Alex Gordon Lecture in the History of Art: "Renoir and the Democracy of Fashion," by Aileen Ribeiro, Courtauld Institute of Art, London, March 28, 2012. The period after the fall of the Second Empire in France saw huge developments in the fashion industry, not just in haute couture, but also in the greater availability of ready-to-wear clothes and in the emergence of Paris's shopping culture. More people than ever before expressed an interest in fashion trends, a phenomenon that was reflected in contemporary art and literature.
"Renoir and the Woman of Paris," by Anne Distel, independent scholar, March 7, 2012. In characterizing Renoir's art, Cézanne once said that his old friend had "painted the woman of Paris." Cézanne's insight provides the point of departure for this lecture, which takes a closer look at Renoir's female figures.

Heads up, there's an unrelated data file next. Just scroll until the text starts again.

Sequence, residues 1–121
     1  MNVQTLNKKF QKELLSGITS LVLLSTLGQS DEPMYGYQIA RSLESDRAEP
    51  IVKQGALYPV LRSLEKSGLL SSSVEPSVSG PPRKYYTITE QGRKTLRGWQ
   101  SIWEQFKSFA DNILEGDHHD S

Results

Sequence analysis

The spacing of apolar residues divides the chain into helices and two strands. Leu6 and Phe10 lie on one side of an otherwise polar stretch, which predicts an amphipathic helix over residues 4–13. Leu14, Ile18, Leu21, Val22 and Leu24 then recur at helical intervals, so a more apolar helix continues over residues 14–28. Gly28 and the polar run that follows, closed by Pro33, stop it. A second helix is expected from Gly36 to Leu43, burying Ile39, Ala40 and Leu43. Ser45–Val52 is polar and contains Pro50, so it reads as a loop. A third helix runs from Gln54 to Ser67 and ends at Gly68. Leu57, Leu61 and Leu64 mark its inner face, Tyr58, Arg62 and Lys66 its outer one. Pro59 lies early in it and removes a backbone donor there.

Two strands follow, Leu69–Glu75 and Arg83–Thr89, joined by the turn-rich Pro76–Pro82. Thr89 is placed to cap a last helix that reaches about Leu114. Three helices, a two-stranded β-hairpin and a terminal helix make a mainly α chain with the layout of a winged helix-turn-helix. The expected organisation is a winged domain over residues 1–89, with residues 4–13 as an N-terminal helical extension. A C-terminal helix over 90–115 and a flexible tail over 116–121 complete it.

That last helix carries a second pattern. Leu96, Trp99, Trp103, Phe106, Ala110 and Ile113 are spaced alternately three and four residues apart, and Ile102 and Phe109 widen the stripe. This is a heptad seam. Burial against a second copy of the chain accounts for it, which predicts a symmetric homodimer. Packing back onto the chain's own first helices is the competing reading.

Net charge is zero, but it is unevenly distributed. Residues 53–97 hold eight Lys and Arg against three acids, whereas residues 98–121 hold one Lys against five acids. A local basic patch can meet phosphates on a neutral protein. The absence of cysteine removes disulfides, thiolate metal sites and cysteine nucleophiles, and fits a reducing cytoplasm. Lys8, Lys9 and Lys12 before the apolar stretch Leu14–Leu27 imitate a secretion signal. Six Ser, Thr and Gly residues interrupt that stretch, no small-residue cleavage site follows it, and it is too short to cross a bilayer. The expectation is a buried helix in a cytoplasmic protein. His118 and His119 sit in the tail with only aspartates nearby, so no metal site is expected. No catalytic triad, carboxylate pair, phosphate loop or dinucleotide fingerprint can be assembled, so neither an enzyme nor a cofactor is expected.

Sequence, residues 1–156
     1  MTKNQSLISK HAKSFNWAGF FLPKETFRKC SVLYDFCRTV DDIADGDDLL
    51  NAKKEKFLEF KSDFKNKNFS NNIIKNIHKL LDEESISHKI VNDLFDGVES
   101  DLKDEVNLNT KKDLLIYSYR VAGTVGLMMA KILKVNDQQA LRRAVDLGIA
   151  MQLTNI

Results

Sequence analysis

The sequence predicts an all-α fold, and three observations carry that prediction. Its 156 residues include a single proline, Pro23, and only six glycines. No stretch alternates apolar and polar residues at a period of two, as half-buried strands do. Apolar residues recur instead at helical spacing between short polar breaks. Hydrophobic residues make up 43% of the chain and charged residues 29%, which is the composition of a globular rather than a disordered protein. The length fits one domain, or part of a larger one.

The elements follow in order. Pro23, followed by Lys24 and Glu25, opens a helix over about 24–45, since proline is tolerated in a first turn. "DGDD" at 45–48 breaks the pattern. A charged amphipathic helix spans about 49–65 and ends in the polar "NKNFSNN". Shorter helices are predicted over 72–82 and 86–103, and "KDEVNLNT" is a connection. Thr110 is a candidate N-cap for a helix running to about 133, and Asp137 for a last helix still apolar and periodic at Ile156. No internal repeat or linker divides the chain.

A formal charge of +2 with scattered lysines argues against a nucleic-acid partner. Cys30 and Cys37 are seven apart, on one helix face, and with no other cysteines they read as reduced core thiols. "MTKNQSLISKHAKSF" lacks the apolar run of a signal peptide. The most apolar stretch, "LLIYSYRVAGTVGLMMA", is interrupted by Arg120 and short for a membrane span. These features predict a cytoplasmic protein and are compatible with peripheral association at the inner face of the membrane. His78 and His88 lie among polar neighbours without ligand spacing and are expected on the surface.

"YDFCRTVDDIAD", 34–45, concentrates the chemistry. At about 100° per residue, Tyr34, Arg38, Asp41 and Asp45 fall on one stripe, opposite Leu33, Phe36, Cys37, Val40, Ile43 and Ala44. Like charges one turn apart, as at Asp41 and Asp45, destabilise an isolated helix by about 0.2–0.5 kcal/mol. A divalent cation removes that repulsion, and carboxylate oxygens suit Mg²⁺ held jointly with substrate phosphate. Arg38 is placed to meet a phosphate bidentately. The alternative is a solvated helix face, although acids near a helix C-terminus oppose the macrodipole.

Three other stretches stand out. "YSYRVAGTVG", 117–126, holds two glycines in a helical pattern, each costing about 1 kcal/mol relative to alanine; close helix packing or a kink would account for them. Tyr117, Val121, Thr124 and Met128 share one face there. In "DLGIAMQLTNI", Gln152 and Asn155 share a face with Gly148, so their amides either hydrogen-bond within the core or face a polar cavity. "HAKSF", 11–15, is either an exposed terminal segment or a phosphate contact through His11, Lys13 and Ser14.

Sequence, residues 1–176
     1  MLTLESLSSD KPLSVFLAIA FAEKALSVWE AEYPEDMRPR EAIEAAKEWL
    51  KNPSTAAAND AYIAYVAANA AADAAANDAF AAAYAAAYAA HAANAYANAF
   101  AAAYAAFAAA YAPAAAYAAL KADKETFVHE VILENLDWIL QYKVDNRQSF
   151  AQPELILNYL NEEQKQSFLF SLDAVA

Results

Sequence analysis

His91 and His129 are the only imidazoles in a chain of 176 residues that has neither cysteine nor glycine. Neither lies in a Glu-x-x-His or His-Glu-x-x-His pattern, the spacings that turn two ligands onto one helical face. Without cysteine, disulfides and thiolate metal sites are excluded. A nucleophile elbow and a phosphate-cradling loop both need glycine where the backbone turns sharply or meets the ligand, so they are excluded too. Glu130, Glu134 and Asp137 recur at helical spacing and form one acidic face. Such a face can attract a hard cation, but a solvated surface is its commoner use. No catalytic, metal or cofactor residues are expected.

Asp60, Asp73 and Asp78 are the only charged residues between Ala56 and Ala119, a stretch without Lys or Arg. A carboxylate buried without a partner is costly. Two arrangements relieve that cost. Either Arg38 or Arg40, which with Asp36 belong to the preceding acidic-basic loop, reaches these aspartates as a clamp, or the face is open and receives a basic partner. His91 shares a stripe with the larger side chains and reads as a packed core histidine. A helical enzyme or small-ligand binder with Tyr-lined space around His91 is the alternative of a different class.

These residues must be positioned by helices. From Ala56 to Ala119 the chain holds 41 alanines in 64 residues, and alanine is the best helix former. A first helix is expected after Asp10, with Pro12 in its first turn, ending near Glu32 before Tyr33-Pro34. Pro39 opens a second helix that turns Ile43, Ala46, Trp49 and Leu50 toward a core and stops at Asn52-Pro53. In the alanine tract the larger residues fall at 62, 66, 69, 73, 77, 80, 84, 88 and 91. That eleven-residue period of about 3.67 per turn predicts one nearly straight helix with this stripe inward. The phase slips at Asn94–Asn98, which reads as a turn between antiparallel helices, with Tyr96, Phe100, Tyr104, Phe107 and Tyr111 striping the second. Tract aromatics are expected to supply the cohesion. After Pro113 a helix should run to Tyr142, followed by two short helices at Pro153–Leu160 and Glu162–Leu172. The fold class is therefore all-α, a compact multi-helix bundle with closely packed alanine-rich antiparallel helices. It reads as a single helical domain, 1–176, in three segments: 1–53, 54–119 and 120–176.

"Fashioning the Mistress," by Gloria Groom, The Art Institute of Chicago, February 22, 2012. Between 1866 and 1872 Renoir featured his mistress Lise Tréhot in more than thirty paintings, ranging from small and intimate genre scenes to the full-length canvases that he exhibited. Tréhot, wearing the most up-to-the-minute fashions, served as Renoir's calling card by advertising the artist as a painter of modern life, and especially of the fashionable Parisienne.
"Charles Ryskamp: A Life in Arts and Letters," by Matthew Hargraves, Yale Center for British Art, February 15, 2012. Charles Ryskamp (1928–2010) served as the Director of The Frick Collection from 1987 to 1997. Under his leadership the Frick underwent a profound evolution and embarked on a new era of growth and innovation. In conjunction with the exhibition A Passion for Drawings, this lecture will explore the fascinating life and collecting interests of this remarkable scholar, teacher, connoisseur, and collector through the magnificent drawings he bequeathed to the Frick.